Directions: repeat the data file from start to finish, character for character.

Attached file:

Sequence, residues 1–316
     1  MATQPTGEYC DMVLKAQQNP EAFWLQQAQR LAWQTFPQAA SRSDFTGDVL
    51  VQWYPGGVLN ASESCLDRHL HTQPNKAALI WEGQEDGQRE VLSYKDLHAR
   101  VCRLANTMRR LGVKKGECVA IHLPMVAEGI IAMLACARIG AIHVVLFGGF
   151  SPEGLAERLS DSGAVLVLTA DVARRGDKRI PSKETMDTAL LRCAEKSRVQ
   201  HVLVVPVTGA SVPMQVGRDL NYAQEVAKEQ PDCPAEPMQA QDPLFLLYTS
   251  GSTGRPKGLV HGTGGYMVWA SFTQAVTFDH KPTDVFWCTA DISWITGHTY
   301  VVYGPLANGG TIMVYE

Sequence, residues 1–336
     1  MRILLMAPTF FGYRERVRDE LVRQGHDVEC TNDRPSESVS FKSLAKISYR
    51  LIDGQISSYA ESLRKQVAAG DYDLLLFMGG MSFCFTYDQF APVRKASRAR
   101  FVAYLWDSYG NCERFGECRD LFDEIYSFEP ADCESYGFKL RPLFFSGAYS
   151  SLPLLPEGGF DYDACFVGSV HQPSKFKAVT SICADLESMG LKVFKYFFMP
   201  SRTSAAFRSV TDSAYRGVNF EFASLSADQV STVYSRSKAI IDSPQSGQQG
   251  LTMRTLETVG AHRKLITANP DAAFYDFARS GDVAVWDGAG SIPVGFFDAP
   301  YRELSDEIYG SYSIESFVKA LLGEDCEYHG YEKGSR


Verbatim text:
Sequence, residues 1–316
     1  MATQPTGEYC DMVLKAQQNP EAFWLQQAQR LAWQTFPQAA SRSDFTGDVL
    51  VQWYPGGVLN ASESCLDRHL HTQPNKAALI WEGQEDGQRE VLSYKDLHAR
   101  VCRLANTMRR LGVKKGECVA IHLPMVAEGI IAMLACARIG AIHVVLFGGF
   151  SPEGLAERLS DSGAVLVLTA DVARRGDKRI PSKETMDTAL LRCAEKSRVQ
   201  HVLVVPVTGA SVPMQVGRDL NYAQEVAKEQ PDCPAEPMQA QDPLFLLYTS
   251  GSTGRPKGLV HGTGGYMVWA SFTQAVTFDH KPTDVFWCTA DISWITGHTY
   301  VVYGPLANGG TIMVYE

Sequence, residues 1–336
     1  MRILLMAPTF FGYRERVRDE LVRQGHDVEC TNDRPSESVS FKSLAKISYR
    51  LIDGQISSYA ESLRKQVAAG DYDLLLFMGG MSFCFTYDQF APVRKASRAR
   101  FVAYLWDSYG NCERFGECRD LFDEIYSFEP ADCESYGFKL RPLFFSGAYS
   151  SLPLLPEGGF DYDACFVGSV HQPSKFKAVT SICADLESMG LKVFKYFFMP
   201  SRTSAAFRSV TDSAYRGVNF EFASLSADQV STVYSRSKAI IDSPQSGQQG
   251  LTMRTLETVG AHRKLITANP DAAFYDFARS GDVAVWDGAG SIPVGFFDAP
   301  YRELSDEIYG SYSIESFVKA LLGEDCEYHG YEKGSR